I know why they had to switch to Daniel Craig to play James Bond. And I like the Craig movies and the direction its going. But I am saddened that Brosnan was made to stop. I really think that he saved the franchise at a time when people were kind of tired of it. He brought new life and coolness to the character that Timothy Dalton couldn't. Fortunately, we have four Brosnan Bond movies and all of them are watchable (and Tomorrow Never Dies is my favourite of the franchise). So see it.
Saturday, 15 September 2012
Yes, the story seems to be a bit vague and not tightly woven together. But it is based on a true story and doesn't give in to the sensationalism that is often forced into Hollywood movies. Instead, it relies on a decent true story (even though some of it is probably embellished) that has the comedic and dramatic elements that can make it stand on its own. This is then magnified by some absolutely terrific acting performances. Tom Hardy, Shia LaBoeuf, Gary Oldman and Guy Pearce are absolutely perfect in their roles. This is especially true of Hardy. He plays the enigmatic anti-hero very well.
Being a historical piece set in the Depression era of bootlegers means that it needed to have authenticity in its costumes, sets and language. And I think it did a very good job of that as well. At no time did it ever feel like any of that stuff was forced or fake. I especially like the interior of the gas station/restaurant/Bondurant residence. Right down to the newspaper "wallpaper", it really seemed like a lower-middle class "do what you need to do to survive" family of bachelors lived there.
I said it seemed to move a bit slow. But it was done before I knew it. And once it was done, I didn't feel like I had been in there that long. I think that's a testament to the superior film making all around.
See it. It's a great example of a very well made, truth based story.
Friday, 7 September 2012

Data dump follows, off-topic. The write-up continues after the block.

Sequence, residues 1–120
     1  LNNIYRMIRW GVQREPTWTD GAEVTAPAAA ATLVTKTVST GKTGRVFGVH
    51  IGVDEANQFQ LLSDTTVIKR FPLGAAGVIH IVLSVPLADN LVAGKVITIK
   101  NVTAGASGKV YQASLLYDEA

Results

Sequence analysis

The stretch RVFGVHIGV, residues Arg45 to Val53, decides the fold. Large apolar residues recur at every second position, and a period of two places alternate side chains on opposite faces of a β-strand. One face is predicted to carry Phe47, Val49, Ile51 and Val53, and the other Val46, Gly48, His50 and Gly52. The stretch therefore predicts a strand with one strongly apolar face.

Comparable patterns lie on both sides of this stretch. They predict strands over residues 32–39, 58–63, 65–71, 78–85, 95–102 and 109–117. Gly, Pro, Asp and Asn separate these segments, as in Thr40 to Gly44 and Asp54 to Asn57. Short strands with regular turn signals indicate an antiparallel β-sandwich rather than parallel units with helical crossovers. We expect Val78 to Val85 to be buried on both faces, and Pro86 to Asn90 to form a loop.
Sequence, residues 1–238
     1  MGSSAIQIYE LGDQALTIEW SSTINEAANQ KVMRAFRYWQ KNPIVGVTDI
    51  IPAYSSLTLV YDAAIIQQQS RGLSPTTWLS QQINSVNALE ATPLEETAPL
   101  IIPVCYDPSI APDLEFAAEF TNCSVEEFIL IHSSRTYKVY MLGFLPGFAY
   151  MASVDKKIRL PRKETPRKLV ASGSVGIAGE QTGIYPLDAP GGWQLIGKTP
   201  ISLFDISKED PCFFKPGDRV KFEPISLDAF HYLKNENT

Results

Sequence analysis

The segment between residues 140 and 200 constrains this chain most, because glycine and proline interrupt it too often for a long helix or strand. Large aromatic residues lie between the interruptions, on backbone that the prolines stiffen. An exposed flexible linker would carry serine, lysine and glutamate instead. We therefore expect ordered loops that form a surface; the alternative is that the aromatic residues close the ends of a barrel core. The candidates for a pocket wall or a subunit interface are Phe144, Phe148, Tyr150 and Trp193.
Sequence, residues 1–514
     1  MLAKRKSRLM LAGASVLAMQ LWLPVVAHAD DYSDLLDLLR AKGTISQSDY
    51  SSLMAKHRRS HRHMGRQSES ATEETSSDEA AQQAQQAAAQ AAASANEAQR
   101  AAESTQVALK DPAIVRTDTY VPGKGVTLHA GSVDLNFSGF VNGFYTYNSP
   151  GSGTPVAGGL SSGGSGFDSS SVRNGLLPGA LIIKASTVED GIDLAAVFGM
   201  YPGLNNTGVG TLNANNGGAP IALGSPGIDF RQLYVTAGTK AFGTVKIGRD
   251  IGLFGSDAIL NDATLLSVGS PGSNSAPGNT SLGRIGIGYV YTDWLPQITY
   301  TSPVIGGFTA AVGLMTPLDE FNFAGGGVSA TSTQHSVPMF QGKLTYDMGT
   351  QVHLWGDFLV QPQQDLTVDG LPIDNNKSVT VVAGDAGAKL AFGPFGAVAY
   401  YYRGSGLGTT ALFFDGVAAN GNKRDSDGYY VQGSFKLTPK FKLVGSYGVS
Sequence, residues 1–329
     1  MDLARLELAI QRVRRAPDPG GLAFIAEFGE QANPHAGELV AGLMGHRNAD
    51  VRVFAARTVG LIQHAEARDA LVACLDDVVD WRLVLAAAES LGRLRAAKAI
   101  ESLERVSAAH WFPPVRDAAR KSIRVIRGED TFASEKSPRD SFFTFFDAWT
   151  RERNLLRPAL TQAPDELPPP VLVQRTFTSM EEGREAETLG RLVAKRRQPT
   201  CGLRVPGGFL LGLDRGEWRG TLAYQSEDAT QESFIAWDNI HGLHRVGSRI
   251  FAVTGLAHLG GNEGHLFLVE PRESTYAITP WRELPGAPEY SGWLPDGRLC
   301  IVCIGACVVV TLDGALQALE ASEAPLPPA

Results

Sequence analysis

Second, there is a heavier reliance on special effects and more action. While I'm sure the effects were fairly groundbreaking for their time, there was that awkward period in the mid-90s where CGI was just coming into its own and in order to make it look realistic, you had to spend a very large sum of money. They didn't spend enough. The green screening and other CGI effects are very poor in this film and it does not age well at all. They should have relied more heavily on building tension like in the first one and less on the explosions and fake helicopters and submarines.
There is just a huge lack of any originality in this movie. Don't see it. Watch the first one instead.
Thursday, 6 September 2012
Don't get me wrong. The situation is preposterous. The notion of turning one of the most vibrant commercial centres of the world into a maximum security prison is laughable. But, when you think of the time period, New York's crime rate was pretty staggering and the city was seen as a cesspool of urban decay and moral depravity. While it's still a huge stretch, it isn't as preposterous as it would be now. With this context, they do a very good job of setting the story in a wasteland of a city with very good set designs and locations.